Word Pictures are behaviorally-specific descriptions that define good, great and even poor behaviors so employees and managers can clearly define and differentiate best practices, and then teach those practices to others (and hold them accountable for their performance).

For example, traditionally organizations going through an acquisition integration program would direct employees to “embrace change.”  But because a phrase like “embracing change” can have so many different meanings in terms of actual employee behaviors, it’s nearly impossible to determine just by observation, which divisions of a company are, or are not, really embracing change.  But with Word Pictures, we would define three levels of specific behaviors: Needs Work, Good Work and Great Work.  This tiered definition allows organizations to distinguish between practices that are bad, adequate or truly the best.  And it allows leaders to then teach those best practices to all employees – quickly and effectively.


Q. What other tips do you have for employers who have a tough time retaining good talent in their groups?


Here are five things that companies can do right away to retain their best talent:

  1. Most employee engagement surveys seek to learn if employees are “satisfied.” Find out what it really takes to get the best effort from your employees with a survey that goes beyond “satisfied” to provide statistically valid and easily-trackable results that pinpoint precisely which issues are engaging (and disengaging) your employees.
  2. Managers should conduct monthly 10-minute “Shoves and Tugs” conversations that discover the motivators and demotivators of high and middle performers.
  3. Increase accountability by helping employees move through the stages of Denial, Excuses, Blame and Anxiety that lead to Accountability. Tools like Leadership IQ’s Word Pictures™ break accountability into clear verbal pictures of what “Needs Work”, “Good Work” and “Great Work” look like in action.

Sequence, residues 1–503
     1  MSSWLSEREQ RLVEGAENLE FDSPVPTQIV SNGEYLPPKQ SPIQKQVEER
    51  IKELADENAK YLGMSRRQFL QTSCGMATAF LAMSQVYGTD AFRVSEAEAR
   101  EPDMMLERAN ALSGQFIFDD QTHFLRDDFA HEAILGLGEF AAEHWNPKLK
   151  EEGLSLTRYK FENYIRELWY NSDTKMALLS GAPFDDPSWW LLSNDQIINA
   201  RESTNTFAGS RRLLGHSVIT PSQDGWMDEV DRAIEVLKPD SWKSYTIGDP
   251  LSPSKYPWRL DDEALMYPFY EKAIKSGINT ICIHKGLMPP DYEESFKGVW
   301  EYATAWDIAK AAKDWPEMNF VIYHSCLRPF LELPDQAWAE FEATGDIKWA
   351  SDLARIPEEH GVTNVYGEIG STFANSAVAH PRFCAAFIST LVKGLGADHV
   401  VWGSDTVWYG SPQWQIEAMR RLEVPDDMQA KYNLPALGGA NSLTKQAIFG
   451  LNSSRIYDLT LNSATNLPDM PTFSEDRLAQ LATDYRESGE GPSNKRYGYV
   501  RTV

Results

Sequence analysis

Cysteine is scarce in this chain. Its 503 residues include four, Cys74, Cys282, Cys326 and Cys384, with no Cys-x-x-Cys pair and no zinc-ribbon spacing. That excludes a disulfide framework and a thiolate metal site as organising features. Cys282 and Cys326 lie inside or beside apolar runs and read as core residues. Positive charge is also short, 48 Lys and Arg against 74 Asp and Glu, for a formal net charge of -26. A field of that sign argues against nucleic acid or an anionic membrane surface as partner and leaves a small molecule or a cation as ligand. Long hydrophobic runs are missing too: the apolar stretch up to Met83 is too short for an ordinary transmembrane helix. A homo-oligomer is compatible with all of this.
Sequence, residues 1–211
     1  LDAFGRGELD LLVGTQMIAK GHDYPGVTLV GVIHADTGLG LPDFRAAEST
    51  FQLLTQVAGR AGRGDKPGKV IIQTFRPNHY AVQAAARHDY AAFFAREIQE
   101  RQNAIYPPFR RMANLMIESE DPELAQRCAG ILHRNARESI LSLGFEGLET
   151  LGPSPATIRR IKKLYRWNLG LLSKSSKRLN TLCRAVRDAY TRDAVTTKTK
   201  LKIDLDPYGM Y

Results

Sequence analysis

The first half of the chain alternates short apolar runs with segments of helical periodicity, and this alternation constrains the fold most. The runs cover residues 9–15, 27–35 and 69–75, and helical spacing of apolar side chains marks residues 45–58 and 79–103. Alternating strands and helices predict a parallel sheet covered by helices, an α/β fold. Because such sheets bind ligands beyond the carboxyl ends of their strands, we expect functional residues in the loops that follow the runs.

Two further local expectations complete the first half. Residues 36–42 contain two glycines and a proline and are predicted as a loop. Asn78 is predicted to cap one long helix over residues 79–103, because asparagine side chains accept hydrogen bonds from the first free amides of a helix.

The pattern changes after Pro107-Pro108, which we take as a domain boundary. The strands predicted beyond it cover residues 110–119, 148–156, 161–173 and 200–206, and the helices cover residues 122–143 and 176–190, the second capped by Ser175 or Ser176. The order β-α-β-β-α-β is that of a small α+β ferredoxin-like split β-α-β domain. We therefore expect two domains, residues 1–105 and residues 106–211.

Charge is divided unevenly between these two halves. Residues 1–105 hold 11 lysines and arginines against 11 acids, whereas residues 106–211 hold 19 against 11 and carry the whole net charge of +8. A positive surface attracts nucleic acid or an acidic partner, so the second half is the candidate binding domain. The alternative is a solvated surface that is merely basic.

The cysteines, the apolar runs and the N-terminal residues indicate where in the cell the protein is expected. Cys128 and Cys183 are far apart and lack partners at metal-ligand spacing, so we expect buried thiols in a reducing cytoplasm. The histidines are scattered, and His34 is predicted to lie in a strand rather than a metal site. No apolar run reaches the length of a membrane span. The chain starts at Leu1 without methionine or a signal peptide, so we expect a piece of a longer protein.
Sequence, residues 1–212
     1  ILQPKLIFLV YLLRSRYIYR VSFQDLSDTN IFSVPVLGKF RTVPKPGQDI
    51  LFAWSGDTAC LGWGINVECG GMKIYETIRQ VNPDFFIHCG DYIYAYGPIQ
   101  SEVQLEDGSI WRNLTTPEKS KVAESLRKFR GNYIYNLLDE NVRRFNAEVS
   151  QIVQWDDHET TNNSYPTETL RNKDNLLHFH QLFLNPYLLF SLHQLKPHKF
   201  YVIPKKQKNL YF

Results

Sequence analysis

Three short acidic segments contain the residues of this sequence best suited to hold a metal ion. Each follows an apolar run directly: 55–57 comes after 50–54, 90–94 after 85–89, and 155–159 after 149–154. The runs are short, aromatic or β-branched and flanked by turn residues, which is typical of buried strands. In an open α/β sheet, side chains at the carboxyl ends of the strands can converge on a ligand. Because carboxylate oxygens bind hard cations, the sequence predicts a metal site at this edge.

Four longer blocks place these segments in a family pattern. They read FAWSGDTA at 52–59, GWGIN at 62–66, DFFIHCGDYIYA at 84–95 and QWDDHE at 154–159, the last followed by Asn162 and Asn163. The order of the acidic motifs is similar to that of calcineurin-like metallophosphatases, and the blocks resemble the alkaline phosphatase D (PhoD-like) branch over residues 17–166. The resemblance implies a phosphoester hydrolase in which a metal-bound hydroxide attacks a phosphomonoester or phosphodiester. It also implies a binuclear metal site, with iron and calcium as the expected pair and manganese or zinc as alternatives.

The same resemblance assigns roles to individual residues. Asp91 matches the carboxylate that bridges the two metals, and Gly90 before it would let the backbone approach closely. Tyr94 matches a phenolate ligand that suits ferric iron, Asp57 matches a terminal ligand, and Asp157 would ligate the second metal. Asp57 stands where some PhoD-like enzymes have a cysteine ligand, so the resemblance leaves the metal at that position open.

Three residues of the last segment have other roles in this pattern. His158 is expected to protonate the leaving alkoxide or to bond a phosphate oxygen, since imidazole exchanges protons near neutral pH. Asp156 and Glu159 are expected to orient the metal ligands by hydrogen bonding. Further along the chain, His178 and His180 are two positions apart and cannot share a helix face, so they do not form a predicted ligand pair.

4. Most yearly reviews are skills-based and do nothing to address attitude, leaving skilled employees with poor attitudes feeling good about their performance. Restructuring reviews to measure attitude is a start, but mangers must also consider what content their evaluation conversations contain and how to order that content for maximum impact.
  5. One easy fix the best leaders employ is making sure employees, and especially high performers, understand the company vision. Describe as visually as possible what’s ahead for your people— including the challenges you see, and give employees the power to develop their own role and find ways to remain valuable to the organization.


About Mark Murphy:

Mark Murphy Leadership IQ photoMark Murphy is Founder & CEO of Leadership IQ, a top-rated research and consulting firm that delivers employee engagement and leadership development to the world’s most successful organizations and their leaders.

Mark leads one of the world’s largest leadership and goal-setting studies, and his work has appeared in such publications as the Wall St. Journal, Fortune, Forbes, Bloomberg BusinessWeek, U.S. News & World Report and the Washington Post.  Mark has also been a featured guest on programs including CBS News Sunday Morning, ABC’s 20/20, Fox Business News and NPR.

Mark’s best-selling books are backed by rigorous research and offer leaders clear and actionable solutions. His most recent book, Hiring for Attitude, was featured in  Fast Company, The Wall St Journal, and chosen as a top business book by CNBC.   Some of his other titles include the international bestseller, Hundred Percenters: Challenge Your People to Give It Their All and They’ll Give You Even More, and HARD Goals: The Science of Getting From Where You Are to Where You Want to Be.

Some of his other well-known research studies include “Are SMART Goals Dumb?,” “Why CEO’s Get Fired,” “Why New Hires Fail” and “Don’t Expect Layoff Survivors to Be Grateful.”